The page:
A medical doctor has said Civil Society Organisations (CSOs) rather than public institutions were better able to lead a multi-disciplinary coalition to deal with teenage pregnancy in Ghana.
He said CSOs have more experience working with adolescents by way of policies and projects and are able to marshal both local and international resources and have the advantage of flexibility.
Dr Atsu Seake-Kwawu, Ho Municipal Director of Health, said this at a forum on the role of non-governmental organisations in tackling ?Childhood sexuality and teenage pregnancy.?
It was organised by the Ghana Coalition of NGOs in Health-Volta in Ho and sponsored by Star-Ghana.
Dr Seake-Kwawu said CSOs should lead in the provision of youth resource centres in communities to provide guidance and resource materials to improve knowledge of the youth and be a platform for health youth interactions.
He suggested to the CSOs to research into the social, legal and economic and media influences on adolescent sexual reproductive health which ?translate into protective and risk factors operating at the individual, family, schools and community and neighborhood levels.?
Dr Seake-Kwawu said there were dangerous trends in teenage pregnancy and related problems in the Volta Region and added ?We are dealing with an intractable problem which would not go away simply because someone talks about it.?
Dr Seake-Kwawu said between 2009 and 2013 children aged 10-14 years in the Volta Region accounted for between 1.4 and 3.2 of all teenage pregnancies with an average value of 1.67 percent of all teenage pregnancies.
?Teenage pregnancy prevalence in the region ranged from its lowest value of 12.9 in 2009 to its highest value of almost 15.5 percent last year with an average of 13.8 percent over the nine year period.?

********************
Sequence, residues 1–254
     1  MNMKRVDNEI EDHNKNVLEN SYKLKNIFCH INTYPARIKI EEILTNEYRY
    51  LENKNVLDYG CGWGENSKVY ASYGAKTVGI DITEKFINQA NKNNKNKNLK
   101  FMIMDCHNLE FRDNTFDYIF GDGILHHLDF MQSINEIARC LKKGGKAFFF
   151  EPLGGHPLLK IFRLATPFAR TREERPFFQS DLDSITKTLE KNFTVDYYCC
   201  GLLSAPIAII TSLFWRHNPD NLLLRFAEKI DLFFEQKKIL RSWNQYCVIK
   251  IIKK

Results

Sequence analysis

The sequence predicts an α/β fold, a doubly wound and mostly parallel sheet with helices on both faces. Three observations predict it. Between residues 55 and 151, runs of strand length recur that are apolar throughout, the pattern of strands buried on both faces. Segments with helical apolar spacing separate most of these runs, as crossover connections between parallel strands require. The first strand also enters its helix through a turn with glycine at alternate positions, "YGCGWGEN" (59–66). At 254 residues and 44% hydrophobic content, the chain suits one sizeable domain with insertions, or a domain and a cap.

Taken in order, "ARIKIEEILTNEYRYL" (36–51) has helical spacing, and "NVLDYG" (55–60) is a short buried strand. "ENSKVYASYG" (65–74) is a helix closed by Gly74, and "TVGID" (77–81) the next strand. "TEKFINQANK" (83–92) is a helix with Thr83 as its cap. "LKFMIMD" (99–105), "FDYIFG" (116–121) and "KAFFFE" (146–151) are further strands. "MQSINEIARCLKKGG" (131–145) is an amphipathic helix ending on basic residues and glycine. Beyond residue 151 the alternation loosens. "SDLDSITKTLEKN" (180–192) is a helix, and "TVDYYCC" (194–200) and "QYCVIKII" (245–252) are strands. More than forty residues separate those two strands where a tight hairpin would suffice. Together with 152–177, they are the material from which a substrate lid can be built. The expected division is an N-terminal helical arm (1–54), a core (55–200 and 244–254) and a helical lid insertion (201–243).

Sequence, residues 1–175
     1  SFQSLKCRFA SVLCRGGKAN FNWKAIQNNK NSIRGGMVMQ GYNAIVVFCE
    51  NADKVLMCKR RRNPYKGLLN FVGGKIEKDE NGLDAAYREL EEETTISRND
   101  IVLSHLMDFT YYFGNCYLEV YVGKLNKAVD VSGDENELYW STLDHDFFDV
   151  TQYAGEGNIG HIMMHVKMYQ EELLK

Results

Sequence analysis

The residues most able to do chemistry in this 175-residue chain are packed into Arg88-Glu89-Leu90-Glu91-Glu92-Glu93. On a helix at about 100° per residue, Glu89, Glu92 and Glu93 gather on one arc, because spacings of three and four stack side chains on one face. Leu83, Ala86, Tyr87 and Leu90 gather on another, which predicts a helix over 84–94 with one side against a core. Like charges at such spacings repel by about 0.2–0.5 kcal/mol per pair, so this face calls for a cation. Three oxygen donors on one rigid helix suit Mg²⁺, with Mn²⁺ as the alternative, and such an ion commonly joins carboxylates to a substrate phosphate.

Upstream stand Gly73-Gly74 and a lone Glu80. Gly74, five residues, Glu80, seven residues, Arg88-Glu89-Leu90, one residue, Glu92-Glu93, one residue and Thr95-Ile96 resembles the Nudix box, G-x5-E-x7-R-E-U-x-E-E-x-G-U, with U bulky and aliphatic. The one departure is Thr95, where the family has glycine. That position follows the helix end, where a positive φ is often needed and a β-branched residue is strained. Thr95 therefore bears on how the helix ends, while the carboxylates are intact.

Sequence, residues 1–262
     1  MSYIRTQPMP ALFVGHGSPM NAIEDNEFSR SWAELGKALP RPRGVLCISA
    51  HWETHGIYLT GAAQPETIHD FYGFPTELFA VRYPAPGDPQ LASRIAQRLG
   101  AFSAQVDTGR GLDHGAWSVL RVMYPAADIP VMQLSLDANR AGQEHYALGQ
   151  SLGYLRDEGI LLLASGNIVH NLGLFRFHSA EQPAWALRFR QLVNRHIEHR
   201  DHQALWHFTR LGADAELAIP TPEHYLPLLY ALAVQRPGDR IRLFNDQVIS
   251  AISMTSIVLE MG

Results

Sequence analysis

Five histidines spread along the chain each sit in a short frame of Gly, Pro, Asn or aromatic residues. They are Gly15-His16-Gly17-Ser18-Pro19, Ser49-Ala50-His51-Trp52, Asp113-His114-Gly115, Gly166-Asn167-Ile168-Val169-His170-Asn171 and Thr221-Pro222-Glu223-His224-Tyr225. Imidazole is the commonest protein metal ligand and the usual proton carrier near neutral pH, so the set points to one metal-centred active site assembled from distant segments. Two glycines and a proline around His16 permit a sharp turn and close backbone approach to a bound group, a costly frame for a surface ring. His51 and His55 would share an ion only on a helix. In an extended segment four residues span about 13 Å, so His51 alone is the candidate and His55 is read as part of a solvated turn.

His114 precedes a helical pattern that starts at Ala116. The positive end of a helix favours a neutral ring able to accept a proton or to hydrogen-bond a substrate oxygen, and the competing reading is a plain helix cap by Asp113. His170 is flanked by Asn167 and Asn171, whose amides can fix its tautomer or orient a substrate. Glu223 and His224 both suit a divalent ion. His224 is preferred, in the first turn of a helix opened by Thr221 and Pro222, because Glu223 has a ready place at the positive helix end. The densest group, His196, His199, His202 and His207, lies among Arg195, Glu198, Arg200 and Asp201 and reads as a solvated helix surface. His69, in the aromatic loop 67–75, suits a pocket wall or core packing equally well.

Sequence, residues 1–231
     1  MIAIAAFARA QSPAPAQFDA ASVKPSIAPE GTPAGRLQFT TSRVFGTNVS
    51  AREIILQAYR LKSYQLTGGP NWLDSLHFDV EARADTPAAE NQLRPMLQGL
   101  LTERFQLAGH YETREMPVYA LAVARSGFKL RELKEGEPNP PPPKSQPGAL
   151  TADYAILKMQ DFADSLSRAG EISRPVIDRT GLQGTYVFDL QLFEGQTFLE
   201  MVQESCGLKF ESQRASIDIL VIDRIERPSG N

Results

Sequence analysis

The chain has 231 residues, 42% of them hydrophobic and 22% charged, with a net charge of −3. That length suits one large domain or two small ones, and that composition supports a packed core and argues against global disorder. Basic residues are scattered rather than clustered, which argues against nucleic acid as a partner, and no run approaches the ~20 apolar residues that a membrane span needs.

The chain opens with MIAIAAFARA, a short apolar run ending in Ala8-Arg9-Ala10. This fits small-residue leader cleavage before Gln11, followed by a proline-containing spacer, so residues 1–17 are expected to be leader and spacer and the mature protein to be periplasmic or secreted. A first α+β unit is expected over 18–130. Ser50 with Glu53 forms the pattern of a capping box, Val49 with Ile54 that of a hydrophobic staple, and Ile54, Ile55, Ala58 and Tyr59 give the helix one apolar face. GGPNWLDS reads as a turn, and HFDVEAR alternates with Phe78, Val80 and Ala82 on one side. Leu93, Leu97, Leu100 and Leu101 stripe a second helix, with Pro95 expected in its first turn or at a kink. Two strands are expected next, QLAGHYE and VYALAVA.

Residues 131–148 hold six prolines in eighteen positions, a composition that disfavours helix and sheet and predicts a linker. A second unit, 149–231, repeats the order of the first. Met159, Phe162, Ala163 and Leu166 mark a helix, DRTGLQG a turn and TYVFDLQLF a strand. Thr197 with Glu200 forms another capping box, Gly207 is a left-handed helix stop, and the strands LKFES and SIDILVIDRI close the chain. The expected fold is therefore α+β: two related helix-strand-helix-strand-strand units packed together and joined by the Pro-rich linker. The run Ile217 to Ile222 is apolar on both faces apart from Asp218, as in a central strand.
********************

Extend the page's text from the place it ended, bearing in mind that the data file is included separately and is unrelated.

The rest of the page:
Dr Seake-Kwawu said girls between 10 and 19 years in the Volta Region accounted for 8.5 percent, 9.7 percent and 12.5 percent respectively of all maternal deaths recorded in health facilities in 2011, 2012 and 2013.
He said data showed that the 10-19 years group in the region accounted for 15.5 percent and 11 percent respectively of all viral hepatitis in 2012 and 2013, 5.3 percent and 4.8 percent respectively of HIV related conditions in the same period.
Girls in that age group also accounted for almost 44 percent of all reported sexual abuse incidents in 2012, 14.6 percent gonorrhea cases in 2013, almost 22 percent of genital ulcers in the same year as well as 17 percent of urethral discharges also in 2013.
Ms Eunice Teah, Health Promotion Officer at the Volta Regional Directorate of the Ghana Health Service, attributed phenomenon of teenage pregnancy to break down in social values, lack of parental warmth and quest for belongingness among teenage girls.
She suggested that adults found to have sexually abused teenage girls should be subjected to social work so that they could cater for their victims.